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About Heppner herald. (Heppner, Or.) 1914-1924 | View This Issue
Tuesday, October 2, 1923
THE HEPPNER HERALD, HEPPNER. OREGON
K c v 1 t f i i 1 1 ! , ! 1 rl ?
Palace of the Maharajah of Kashmir.
(Prepared by the National Geographic So
ciety, "Washington, D. C.)
The Vule of Kashmir has become so
famous as a name suggesting superb
scenic beauty and delightful atmos
phere that it is known to all the
world as an epithet. But few of the
world's densely populuted beauty
spots have been so effectually isolated
by nature's barriers; and not nearly
so many Westerners have taken the
somewhat strenuous journey into "the
Happy Valley," India's ideal summer
resort, as have traveled to the sum
mer capital of India, Simla, which may
be reached after the approved west
ern fashion by rail.
Kashmir, unlike most of the other
Indian summer stations, is not on the
southern slope of the Himalayas. It
Is actually among those towering
mountains, and behind a portion of
them. In back of the harrier range,
passage of which, because of peculiar
geological conditions, is unusually dif
ficult, the great mountain masses
opened up, so to speak, to form the
celebrated Vale. This is a great level
valley, its floor a mile above the sea,
84 miles long and 2 broad, with fer
tile soil, abundant water, most of the
products of the temperate zone In pro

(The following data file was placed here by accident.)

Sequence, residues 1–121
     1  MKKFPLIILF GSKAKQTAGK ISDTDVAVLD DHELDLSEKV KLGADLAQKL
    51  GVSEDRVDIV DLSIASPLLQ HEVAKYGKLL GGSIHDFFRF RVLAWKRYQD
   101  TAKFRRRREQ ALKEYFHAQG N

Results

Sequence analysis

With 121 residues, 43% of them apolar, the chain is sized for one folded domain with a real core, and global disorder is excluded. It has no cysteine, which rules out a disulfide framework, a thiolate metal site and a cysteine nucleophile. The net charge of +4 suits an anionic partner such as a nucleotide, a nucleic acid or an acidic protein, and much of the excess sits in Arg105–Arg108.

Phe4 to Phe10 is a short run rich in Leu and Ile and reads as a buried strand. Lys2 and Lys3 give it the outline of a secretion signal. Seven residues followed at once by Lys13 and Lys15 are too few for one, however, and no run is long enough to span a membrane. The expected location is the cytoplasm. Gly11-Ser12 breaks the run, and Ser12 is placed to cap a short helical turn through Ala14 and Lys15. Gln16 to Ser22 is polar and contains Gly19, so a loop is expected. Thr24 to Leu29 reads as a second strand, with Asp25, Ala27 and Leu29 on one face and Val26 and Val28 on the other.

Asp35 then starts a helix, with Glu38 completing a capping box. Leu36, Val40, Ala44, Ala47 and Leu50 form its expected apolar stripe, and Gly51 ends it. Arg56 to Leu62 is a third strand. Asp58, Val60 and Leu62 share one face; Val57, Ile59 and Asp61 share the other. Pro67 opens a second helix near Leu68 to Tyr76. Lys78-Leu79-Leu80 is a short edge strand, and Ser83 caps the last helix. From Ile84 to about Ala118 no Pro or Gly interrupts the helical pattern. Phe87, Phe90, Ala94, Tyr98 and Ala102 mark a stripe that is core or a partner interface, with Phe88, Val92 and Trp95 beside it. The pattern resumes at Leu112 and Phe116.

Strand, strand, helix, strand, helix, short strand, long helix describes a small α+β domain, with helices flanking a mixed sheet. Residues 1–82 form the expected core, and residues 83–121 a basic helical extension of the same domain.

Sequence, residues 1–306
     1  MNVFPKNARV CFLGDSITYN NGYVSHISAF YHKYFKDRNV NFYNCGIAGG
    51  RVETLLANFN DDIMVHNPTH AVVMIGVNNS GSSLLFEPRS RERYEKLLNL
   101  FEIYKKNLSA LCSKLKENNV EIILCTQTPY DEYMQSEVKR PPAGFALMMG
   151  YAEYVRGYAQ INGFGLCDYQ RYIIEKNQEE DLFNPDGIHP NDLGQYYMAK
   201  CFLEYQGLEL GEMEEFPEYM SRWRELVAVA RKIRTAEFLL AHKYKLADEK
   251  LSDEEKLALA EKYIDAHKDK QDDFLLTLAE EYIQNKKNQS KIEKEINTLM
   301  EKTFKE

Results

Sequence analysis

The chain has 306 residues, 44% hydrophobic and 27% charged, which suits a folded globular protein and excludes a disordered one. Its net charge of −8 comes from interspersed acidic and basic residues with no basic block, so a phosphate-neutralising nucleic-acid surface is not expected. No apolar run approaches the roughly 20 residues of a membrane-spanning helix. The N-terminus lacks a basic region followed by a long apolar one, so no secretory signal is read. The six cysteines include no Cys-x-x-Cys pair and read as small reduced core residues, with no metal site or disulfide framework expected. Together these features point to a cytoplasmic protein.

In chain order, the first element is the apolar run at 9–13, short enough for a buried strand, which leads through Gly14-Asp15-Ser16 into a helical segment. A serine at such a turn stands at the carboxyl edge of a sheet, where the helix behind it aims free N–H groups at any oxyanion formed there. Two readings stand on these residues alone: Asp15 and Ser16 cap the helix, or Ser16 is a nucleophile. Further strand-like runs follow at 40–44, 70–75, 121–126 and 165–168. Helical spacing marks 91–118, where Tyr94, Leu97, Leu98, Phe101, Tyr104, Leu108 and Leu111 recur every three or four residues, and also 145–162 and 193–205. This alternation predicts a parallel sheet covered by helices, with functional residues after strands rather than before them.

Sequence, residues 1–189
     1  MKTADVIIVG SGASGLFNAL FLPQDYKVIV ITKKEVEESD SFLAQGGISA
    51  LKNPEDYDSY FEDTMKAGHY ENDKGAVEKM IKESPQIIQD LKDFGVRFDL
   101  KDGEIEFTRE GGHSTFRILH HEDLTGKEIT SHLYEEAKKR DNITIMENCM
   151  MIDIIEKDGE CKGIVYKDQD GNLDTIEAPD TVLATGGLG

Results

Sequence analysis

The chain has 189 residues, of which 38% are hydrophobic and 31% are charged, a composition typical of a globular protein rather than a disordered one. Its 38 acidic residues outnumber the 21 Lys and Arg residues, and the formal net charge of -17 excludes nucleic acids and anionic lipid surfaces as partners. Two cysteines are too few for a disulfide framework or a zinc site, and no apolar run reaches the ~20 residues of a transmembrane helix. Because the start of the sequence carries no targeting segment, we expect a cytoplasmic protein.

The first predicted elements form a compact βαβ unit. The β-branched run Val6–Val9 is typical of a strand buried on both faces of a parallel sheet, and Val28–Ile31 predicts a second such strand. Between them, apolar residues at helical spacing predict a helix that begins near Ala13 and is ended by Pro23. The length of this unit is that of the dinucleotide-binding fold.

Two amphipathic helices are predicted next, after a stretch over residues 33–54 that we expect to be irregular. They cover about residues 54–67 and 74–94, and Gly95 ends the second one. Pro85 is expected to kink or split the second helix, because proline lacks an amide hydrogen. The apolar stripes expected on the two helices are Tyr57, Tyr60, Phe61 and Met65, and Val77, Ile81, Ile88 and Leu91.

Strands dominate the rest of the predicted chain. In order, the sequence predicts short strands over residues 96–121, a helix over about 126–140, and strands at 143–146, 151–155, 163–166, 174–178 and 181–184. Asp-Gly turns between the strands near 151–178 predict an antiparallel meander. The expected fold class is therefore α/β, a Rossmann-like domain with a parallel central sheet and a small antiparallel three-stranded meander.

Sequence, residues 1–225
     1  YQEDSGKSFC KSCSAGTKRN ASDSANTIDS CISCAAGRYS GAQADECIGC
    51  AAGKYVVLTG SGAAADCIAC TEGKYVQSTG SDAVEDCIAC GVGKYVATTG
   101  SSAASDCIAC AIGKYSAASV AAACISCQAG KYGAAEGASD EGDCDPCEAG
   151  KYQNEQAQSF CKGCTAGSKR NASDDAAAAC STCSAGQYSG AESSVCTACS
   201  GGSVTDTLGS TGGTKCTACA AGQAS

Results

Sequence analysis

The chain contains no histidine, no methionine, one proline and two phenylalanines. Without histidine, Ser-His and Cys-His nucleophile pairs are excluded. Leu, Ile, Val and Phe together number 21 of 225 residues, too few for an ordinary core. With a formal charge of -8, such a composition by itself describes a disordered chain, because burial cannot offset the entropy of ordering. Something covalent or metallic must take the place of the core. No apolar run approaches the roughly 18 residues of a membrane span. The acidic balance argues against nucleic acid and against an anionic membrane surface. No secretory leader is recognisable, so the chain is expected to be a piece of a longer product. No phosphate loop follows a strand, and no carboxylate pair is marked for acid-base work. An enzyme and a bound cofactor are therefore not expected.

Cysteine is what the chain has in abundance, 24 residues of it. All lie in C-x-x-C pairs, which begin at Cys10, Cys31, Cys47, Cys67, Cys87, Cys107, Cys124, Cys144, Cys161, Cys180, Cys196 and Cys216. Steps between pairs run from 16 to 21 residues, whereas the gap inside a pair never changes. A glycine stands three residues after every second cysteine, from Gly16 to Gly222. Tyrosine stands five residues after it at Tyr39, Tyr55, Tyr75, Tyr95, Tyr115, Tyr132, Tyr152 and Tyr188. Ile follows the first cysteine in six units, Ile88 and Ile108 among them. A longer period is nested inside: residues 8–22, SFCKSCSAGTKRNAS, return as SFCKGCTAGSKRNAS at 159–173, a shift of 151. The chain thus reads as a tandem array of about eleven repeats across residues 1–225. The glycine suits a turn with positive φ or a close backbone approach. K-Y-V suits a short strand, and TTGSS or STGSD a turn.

fusion, the whole surrounded by a
majestic wall of towering, snow
To the visitor the Vale can hardly
fall to bring thoughts of the legendary
valleys of the "Arabian Nights" into
which one could go only by the wings
o fa roc. Not many decades ago the
Vale was almost us safe from casual
intrusion, and even now that British
engineering skill has been brought
Into play In road construction, the 200
nille journey from the nearest railroad
Btatlon at Rowalplndi, ver the outer
Himalayas, is far from being an easy
jaunt. The geologic energies of the
present seem in league with the mountain-building
forces of the past to pre
serve something of the Huppy Val
ley's seclusion. The road is con
structed over much of its extent
through a loose conglomerate forma
tion, and hardVv a rain occurs which
does not cause lsoluted bowlders or
great masses of stone and earth to
fall to the highway. The toll of life
on this evanescent road is steady, and
squads of laborers must ever be kept
busy opening the way afresh. The